The popularity of drones soars without letup, with many industries finding the need to integrate the use of drones to help their businesses grow. This goes true for drone enthusiasts using drones for recreation, creative hobby, and other personal purposes. Yet despite the continuing relevance of drones in the consumer world, there is always the downside.
Like the numerous incidents of drone flying over restricted zones or higher than the allowed limit that continue to happen, plus other violations.
This situation makes drone security and public safety the #1 drone priority for 2019.
As this article by Peter Brown of Electronics 360 says, these kinds of incidents lead to
“important questions that will need to be addressed in 2019. Namely, how do governments and critical facilities prevent drones from getting so close and what penalties will be established to deter behavior?
In line with this, regulations is today’s challenge for the use of drones, as reported in this article by Geospatial World: “… drone regulations would ensure quality and boost competitiveness, provided the regulatory mechanism is not stifling. The increasing use of drones’ world over for civilian purposes has posed a challenge for regulations. The regulations are important so as to ensure public safety and standardizing the emerging industry.”
#2 drone priority for 2019 is the expanded use and growth in industries. “Adoption of aerial drones and drone technology will not be as widespread as some might expect. Instead, it will grow in select industries like agriculture, construction, insurance, mining and aggregates, public safety and first responders, oil & gas, survey engineering, telecommunications and utilities.”Read more here.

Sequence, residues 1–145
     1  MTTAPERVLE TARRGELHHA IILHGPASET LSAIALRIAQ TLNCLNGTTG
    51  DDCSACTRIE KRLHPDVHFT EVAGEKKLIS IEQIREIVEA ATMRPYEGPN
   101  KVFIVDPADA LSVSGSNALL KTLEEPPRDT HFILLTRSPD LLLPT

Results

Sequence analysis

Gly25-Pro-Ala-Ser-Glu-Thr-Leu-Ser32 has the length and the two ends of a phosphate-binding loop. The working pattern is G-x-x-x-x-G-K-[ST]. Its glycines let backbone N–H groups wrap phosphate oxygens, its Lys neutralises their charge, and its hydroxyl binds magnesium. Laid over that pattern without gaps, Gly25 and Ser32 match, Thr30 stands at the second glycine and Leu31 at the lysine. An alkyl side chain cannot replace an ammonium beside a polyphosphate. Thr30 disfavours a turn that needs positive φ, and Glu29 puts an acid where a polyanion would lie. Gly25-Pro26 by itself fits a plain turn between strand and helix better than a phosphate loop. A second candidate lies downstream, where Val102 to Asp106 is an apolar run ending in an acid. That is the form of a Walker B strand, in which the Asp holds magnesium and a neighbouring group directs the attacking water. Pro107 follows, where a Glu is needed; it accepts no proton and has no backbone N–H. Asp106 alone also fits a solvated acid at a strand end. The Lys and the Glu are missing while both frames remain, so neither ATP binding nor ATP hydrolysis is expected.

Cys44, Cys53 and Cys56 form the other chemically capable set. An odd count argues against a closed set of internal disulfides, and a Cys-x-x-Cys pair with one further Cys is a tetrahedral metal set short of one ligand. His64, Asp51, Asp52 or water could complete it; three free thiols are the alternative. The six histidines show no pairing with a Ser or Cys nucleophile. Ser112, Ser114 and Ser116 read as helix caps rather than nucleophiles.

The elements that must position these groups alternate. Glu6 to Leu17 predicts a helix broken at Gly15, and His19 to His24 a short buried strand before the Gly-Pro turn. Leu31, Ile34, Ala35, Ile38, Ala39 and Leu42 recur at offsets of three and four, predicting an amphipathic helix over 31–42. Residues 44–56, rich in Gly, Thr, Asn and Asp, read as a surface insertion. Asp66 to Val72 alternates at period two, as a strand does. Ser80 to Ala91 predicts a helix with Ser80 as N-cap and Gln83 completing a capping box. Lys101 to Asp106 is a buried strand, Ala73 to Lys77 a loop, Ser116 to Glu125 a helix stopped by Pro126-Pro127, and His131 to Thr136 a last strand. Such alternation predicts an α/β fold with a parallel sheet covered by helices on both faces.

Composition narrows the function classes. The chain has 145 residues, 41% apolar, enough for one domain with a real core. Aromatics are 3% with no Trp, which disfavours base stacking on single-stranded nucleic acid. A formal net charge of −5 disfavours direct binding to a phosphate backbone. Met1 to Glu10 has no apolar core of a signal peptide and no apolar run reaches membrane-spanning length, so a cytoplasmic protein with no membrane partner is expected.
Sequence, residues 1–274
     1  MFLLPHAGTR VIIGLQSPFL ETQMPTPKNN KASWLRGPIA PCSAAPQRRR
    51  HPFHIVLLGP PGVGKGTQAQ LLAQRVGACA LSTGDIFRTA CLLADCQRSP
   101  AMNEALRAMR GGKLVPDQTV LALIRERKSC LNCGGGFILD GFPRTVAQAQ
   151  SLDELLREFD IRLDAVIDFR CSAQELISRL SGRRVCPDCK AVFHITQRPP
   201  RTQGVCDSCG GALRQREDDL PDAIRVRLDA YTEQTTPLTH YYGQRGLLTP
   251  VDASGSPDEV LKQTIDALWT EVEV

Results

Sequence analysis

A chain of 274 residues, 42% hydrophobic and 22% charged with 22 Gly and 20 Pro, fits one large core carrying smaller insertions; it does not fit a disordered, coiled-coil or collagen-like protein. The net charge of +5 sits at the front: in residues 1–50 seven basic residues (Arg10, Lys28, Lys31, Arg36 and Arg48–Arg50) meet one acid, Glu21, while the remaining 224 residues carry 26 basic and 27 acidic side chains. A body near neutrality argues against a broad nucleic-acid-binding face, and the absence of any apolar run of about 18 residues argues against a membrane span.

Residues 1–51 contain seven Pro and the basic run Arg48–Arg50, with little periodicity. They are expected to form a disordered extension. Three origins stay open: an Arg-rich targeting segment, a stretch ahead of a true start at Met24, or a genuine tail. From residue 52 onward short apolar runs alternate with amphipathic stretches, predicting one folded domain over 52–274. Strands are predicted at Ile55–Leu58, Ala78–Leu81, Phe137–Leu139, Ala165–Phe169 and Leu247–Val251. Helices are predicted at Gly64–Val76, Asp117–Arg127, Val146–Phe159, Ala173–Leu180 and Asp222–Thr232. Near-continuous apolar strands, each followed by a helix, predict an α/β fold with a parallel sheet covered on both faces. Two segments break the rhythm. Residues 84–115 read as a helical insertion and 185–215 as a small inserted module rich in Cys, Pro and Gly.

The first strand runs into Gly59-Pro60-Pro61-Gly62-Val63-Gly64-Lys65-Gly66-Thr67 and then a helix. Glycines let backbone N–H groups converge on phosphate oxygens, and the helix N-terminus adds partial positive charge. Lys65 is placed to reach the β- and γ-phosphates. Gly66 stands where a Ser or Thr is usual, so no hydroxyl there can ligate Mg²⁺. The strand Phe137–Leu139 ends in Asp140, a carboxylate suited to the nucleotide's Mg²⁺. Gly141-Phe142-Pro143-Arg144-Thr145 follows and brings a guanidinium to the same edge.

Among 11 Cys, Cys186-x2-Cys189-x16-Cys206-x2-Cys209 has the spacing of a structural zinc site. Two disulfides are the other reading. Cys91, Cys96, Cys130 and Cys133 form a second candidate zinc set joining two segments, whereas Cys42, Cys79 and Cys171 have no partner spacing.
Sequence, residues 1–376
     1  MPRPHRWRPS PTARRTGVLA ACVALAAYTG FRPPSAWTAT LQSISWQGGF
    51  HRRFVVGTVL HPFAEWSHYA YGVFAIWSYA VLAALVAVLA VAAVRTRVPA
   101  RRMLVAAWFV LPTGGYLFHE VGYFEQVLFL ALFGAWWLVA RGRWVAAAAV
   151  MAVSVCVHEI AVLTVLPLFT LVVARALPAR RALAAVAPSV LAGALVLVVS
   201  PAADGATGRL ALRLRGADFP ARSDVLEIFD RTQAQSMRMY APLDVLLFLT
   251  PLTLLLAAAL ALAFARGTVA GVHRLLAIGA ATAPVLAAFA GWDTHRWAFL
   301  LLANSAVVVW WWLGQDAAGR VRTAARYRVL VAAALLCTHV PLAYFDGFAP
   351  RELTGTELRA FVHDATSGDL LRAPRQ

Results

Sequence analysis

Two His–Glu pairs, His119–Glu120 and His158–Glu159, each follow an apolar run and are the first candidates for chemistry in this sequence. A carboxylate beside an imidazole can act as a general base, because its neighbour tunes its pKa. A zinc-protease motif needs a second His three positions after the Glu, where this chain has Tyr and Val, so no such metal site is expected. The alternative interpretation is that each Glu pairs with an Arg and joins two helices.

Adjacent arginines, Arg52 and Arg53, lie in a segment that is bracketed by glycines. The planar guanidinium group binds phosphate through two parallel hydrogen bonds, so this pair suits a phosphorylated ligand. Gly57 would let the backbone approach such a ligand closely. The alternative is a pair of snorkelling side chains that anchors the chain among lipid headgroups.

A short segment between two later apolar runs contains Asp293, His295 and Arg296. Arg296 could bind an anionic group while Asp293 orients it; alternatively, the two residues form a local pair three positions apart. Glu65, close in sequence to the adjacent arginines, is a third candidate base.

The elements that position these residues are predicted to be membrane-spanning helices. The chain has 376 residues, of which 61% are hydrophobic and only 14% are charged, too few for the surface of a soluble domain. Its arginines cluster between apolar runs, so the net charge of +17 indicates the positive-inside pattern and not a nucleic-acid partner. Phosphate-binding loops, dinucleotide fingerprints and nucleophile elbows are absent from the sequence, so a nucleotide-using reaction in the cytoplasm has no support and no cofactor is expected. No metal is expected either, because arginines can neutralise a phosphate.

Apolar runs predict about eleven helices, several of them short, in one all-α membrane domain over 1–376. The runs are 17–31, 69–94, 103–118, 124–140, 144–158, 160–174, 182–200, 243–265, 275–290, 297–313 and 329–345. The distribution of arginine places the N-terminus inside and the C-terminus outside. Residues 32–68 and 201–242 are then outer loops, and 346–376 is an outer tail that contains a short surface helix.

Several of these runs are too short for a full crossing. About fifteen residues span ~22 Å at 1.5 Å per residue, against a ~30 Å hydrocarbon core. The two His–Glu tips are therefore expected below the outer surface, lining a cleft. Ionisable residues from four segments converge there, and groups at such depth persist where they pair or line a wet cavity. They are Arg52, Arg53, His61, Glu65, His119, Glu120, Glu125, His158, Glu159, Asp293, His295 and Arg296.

This study published by JSLS (Journal of the Society of Laparoendoscopic Surgeons) states in its abstract a list of benefits of surgical and medical use of drones:
For example, in the area of drone delivery. An article by Vox reported, “The Federal Aviation Administration on Tuesday authorized Alphabet’s Wing Aviation to start delivering goods via drones later this year. […]The approval is an important one, given that this marks the first time the FAA has granted a so-called air-carrier certification for drone delivery of items such as food, medicine, and small consumer products.
“[…] Drones have the potential to be reliable medical delivery platforms for microbiological and laboratory samples, pharmaceuticals, vaccines, emergency medical equipment, and patient transport. Government agencies have placed drone use on the national agenda. The next steps include aggressive research initiatives in the areas of safety, industry expansion, increased public awareness, and participation.’
Read here for more commercial uses of drones.